The New England music community has tons of DIY success stories and Boston’s Adam Ezra has one of his own. His entire career has been based on a grassroots model that brings a sense of community while writing roots and folk music tunes that resonate with all kinds of people. It’s what has made him popular around these parts, and beyond. On Dec. 1, the Adam Ezra Group will be performing at The Knickerbocker Café in Westerly. The band has a lot of history there due to the venue finding Ezra and his band and having them grace their stage way before him and his crew had the success they’re experiencing today.
Ezra and I had a conversation ahead of the show about his upbringing, having his band be a musical soup, his activist organization Rally Sound, and a few things he has planned for next year.
Rob Duguay: How would you describe your musical upbringing in Boston? Did you start playing music at a young age or did you start later on in your adolescence?
Adam Ezra: I grew up surrounded by music. My mom is a folk musician and a music educator, her name is Joanne Hammil and to this day she directs the Greater Boston Intergenerational Chorus. Music has always had a part in my life from a very young age onward. I didn’t begin teaching myself how to play guitar until my later years during high school and I didn’t get serious about songwriting until I was almost out of college.
RD: Where did you go to college?
AE: Colgate University in upstate New York.
RD: It can be hard for any solo artist to form a band around them so their songs can be brought to life. Were there any difficulties with starting the Adam Ezra Group or is everyone else in the band longtime friends of yours and it was fairly easy to get everyone together?
AE: You’re hitting at the heart of one of the biggest challenges for anyone trying to start a band out there. When I write songs, those songs tend to be very personal sometimes and they’re usually written on guitar with my voice. So bringing them to a band and making them continue to express what I’m trying to communicate through the song is a challenge. I’ve always surrounded myself with incredible musicians too. These days, I’ve got a bunch of friends who I travel and play music with who are some of the best musicians that I know.
Alex Martin is on drums, Poche Ponce is on bass and Corinna Smith is on fiddle. When I bring a song to the group, everybody contributes their musical voice and opinions. It’s very much a collaboration, I think about it as all of us stirring the soup but it’s good as a songwriter to make sure that it’s staying true to the original intent of the song.
RD: That’s a great metaphor to put it as adding ingredients to a soup. A few years ago, you went viral on social media with the music video for “The Devil Came Up To Boston.” It’s a version of The Charlie Daniels Band’s “The Devil Went Down To Georgia” along with making fun of Boston stereotypes. How did the idea for the song come to be and who handled the making of the music video?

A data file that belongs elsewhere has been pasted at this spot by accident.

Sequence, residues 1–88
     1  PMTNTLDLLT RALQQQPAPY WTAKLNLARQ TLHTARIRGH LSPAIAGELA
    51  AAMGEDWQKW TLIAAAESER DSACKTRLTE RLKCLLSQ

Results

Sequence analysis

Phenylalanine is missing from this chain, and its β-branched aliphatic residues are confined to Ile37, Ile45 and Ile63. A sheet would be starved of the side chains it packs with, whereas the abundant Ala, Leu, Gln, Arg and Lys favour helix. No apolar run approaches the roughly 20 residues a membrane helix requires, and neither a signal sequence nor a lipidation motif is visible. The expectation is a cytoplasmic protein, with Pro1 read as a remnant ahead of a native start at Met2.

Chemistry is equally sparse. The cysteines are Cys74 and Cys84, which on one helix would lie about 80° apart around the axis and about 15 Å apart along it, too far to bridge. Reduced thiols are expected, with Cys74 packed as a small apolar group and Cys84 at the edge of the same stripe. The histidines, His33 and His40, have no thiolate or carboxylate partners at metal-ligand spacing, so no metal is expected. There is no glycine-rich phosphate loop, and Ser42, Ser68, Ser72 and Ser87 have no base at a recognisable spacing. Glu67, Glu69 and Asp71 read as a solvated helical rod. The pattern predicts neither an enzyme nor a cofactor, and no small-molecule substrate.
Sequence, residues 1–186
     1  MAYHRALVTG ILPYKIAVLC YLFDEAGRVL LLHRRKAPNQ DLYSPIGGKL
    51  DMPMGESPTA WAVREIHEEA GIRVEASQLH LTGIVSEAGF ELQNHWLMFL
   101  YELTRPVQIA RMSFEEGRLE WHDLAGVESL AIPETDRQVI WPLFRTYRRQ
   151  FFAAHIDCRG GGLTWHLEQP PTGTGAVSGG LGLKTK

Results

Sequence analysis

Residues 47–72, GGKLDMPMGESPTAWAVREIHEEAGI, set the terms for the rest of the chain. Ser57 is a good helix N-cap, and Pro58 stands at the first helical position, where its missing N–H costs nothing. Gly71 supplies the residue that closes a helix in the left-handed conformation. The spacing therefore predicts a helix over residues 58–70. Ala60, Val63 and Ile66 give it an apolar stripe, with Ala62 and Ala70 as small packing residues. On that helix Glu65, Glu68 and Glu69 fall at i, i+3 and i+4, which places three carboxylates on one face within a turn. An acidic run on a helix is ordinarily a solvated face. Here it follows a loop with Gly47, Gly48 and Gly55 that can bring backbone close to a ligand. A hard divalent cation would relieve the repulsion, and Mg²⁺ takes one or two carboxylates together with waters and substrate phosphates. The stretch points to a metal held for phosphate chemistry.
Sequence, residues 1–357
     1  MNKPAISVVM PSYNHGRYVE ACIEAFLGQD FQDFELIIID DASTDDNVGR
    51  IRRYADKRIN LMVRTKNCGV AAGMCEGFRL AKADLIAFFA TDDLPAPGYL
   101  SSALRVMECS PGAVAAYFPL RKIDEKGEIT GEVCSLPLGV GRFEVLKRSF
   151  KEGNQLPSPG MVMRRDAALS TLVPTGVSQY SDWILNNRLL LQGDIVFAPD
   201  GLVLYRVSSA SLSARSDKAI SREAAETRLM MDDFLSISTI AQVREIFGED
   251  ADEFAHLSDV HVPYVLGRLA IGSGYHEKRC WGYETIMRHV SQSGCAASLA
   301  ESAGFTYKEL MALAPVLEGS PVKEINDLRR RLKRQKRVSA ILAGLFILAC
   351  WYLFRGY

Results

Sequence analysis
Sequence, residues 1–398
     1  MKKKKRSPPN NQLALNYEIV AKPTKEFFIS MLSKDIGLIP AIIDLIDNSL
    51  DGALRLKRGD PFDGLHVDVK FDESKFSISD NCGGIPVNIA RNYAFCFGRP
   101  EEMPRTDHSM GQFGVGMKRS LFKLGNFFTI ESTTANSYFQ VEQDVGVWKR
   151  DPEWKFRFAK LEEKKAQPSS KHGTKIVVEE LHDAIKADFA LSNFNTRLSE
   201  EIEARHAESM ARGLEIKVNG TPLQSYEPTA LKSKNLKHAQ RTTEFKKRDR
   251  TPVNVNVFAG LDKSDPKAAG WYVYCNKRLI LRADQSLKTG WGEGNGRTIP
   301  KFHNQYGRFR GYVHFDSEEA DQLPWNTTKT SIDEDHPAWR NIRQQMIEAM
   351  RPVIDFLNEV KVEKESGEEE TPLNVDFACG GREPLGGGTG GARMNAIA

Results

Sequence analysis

AE: I remember that parody was written in a day on a ferry headed out to Nantucket. We played a show out there at a club called The Chicken Box. We were out on the ferry and we heard the song on the radio and I said “It would be funny if there was a Boston version of that.” There were some chuckles and I started writing down lyrics. By the end of that night after the show, I gathered some of my band around and I sang the parody while everybody were all laughing about it.
Sometimes I don’t have a great perspective, especially when I’m writing a funny song or a quirky song. I don’t know whether it’s going to connect with people or not. I did get really excited about the parody and I hit up a great videographer and producer named Ben Tishler who flew out from Los Angeles and brought in a crew from New York City. Actually, we all met in New York City and we filmed the music video in one day there.
RD: I really did get a kick out of the video when I first saw it, I thought it was hilarious. Along with the band, you founded the organization Rally Sound whose mission is to empower communities through music. What made you want to start the organization?
AE: Over the years I’ve been invited to perform at numerous fundraisers and charity events geared towards making the world a better place one way or another. Those shows have always been the most inspiring to me, we can have a party where we celebrate music together but we can also do a little good for the world at the same time. That’s as good as it gets in my book. Word began to spread that we’re community activists along with being musicians and it became a bigger, non-traditional activism based concert experience. It ended up becoming a big part of our touring schedule and over time I founded this organization called Rally Sound.
It provides a vehicle for us so we can do our social outreach and we play a bunch of charity events, we organize our own music festival every year called The Ramble. This year, The Ramble brought in over 3,000 people and we raised enough money to help take 25 veterans in New England off the streets. Rally Sound also helps us do outreach to schools and sometimes concerts there. We get to do exciting and inspiring work with kids and it makes it all a joy.
RD: That’s incredible. So what are your plans for 2019?
AE: Things are always moving in my world. Plans often change but as of now, I plan for us to be touring all over the country starting in the beginning of the year. I plan to play 200 or so shows and we’re also working on three album releases: A solo album, a live band album and our next Adam Ezra Group studio album that we hope to release next fall. We are super excited by the music we’re starting to make these days and 2019 looks like it’s going to be a fun year.